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Brazilian lawmakers have given their approval to Constitutional Amendment Bill No. 45/2019

In a historic move, Brazilian lawmakers have given their approval to Constitutional Amendment Bill No. 45/2019, heralding the most significant transformation in the country's tax system since the end of the military dictatorship. This landmark legislation, endorsed by both the House of Representatives and the Senate, is set to be enacted on December 20, replacing five distinct consumption taxes with a dual VAT (Value Added Tax) system.

Brazilian lawmakers have given their approval to Constitutional Amendment Bill No. 45/2019

The innovative dual VAT system involves one tax charged by federal authorities and another at the regional level, marking a departure from the previous tax structure. The implementation of this reform is scheduled to occur gradually over eight years, commencing in 2026. One noteworthy aspect is the shift from taxing goods at their production site to a model where levies are imposed at the point of consumption, a transition expected to unfold over 50 years.

Luxury items, including jet skis, yachts, and speedboats, will now be subject to vehicle tax, overturning their previous exemption. Allan Fallet, a partner at Mauger Muniz Advogados in São Paulo, emphasized the historical significance of this tax overhaul, stating, "Since the end of the military dictatorship [in 1988], this is the first major change in the Brazilian tax system."


The primary goal of the tax reform is to unify major consumption taxes and establish simplified mechanisms for tax collection. Allan Fallet emphasized the significance of the credit rating upgrade by S&P Global Ratings, asserting that it enhances Brazil's economic landscape, making it more favorable for foreign investments.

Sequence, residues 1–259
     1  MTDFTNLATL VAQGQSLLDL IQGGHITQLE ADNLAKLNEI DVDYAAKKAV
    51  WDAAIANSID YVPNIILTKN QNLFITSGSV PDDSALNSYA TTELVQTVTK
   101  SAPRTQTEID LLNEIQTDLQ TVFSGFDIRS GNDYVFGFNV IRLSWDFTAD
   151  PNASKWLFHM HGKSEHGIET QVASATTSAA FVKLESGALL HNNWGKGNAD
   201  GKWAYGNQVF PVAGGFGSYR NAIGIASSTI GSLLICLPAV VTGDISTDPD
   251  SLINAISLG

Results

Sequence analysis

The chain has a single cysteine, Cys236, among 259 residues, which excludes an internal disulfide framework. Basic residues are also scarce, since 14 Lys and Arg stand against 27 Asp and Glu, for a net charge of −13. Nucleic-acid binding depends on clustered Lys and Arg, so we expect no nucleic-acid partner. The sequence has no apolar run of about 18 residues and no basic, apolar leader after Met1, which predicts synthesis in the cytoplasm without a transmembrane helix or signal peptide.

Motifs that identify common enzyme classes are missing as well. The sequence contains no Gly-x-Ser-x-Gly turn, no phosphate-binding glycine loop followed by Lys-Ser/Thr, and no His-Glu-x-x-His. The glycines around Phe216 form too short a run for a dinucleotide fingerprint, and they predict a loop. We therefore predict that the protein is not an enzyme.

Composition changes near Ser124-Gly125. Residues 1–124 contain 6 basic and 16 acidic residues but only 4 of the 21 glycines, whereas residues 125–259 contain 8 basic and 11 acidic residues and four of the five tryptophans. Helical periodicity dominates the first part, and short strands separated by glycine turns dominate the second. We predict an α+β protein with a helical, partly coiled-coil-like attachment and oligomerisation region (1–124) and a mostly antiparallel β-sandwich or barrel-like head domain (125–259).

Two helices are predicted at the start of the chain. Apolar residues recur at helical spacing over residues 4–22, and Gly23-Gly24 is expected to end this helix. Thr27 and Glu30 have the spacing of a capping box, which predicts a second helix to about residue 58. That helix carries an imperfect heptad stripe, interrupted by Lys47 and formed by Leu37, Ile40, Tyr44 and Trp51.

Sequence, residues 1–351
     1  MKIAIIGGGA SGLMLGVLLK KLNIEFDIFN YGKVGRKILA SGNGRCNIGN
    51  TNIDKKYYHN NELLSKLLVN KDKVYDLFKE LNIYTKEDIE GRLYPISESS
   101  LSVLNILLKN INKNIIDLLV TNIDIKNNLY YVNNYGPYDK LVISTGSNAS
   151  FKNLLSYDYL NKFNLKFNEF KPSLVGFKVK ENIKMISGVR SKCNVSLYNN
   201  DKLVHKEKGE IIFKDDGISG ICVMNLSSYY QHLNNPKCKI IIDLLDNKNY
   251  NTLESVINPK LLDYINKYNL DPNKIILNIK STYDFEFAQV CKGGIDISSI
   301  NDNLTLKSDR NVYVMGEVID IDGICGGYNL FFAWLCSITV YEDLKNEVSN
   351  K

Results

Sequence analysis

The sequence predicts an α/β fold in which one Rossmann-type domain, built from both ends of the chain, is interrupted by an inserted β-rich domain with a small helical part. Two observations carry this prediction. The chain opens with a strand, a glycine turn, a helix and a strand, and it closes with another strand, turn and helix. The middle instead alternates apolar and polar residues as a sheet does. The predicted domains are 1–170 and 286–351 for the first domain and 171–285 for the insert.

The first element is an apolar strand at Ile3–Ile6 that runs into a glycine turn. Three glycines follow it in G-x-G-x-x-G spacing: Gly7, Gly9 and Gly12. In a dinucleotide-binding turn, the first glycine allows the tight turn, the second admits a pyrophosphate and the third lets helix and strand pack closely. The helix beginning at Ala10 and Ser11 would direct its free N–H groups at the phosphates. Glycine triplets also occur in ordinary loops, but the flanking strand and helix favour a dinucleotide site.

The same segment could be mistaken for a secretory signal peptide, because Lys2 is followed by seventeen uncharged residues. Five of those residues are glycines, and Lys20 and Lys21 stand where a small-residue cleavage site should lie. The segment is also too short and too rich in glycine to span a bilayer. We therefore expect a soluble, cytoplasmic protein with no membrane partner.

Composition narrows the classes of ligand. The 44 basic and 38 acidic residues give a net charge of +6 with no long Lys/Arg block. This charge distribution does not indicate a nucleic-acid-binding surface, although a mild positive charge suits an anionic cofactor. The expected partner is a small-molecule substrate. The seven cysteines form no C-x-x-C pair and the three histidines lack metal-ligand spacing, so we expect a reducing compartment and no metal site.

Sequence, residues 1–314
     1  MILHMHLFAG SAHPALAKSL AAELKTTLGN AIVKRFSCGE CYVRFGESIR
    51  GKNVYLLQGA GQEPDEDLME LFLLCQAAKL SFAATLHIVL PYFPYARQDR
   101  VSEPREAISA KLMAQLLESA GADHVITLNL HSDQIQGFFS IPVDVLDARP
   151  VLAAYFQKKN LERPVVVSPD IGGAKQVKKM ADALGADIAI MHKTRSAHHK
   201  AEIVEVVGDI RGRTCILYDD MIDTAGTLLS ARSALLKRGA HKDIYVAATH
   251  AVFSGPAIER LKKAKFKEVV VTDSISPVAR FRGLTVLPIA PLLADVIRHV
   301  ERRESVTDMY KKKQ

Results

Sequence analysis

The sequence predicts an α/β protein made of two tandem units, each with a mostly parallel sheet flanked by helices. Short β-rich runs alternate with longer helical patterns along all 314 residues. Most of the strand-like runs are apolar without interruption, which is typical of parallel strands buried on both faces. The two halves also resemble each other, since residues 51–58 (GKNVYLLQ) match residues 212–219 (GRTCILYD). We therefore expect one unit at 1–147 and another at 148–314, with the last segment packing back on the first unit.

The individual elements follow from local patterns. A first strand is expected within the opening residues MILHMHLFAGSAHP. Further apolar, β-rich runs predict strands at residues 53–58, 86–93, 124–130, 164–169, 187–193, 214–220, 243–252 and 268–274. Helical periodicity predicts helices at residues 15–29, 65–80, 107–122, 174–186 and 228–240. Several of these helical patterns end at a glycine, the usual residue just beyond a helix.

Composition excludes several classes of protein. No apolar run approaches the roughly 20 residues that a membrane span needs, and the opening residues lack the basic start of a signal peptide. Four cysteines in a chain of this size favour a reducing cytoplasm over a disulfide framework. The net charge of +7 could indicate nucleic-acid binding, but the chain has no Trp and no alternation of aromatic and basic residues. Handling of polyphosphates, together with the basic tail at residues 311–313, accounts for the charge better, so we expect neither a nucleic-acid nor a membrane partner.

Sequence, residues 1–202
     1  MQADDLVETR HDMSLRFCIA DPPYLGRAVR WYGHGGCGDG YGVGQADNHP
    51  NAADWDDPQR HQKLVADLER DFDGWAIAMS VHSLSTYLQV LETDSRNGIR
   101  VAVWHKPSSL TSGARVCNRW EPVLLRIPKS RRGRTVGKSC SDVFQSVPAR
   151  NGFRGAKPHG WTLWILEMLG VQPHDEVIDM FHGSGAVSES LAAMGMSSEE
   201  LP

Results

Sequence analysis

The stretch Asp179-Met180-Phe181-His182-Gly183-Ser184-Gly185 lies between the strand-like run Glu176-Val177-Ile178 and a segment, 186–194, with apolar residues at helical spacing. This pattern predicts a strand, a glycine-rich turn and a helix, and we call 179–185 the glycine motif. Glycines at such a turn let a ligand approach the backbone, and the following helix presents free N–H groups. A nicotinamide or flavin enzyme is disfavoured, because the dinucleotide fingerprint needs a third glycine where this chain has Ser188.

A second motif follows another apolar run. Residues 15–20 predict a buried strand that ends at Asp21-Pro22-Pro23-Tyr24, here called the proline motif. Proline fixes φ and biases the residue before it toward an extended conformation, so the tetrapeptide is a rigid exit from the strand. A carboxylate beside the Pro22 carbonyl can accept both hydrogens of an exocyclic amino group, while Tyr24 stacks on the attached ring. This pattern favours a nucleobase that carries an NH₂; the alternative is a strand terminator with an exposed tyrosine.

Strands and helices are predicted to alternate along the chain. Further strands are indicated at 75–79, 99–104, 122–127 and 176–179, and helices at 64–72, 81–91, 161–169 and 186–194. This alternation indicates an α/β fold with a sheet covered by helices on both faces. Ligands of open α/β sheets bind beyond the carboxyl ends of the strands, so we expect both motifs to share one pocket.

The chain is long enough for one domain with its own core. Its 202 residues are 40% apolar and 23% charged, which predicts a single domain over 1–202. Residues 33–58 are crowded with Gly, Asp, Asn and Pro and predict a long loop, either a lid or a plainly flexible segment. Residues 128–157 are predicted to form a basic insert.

Gabriel Caldiron Rezende, a partner at Machado Associados in São Paulo, acknowledged the positive aspects of the constitutional amendment, citing the complexity of the current Brazilian consumption tax system and the challenges it poses. However, he cautioned about potential concerns, stating, "Although the approval of the tax reform has been widely celebrated in Brazil, some concerns are already arising."

Thais Veiga Shingai, a lawyer at Mannrich e Vasconcelos Advogados in São Paulo, expressed cautious optimism about the reforms. Shingai highlighted the alignment of Brazil's taxation with international best practices, reducing the complexity of the tax system and making Brazilian companies more competitive. However, she acknowledged that challenges lie ahead, particularly during the intense and challenging discussions regarding the complementary laws of the IBS and CBS between 2024 and 2025.

In summary, Brazil's long-awaited tax reform represents a significant shift in its tax system, aiming to reduce complexity and increase transparency. While experts are optimistic about the positive impact, they anticipate challenges and discussions in the coming years as the country adapts to the new tax landscape.



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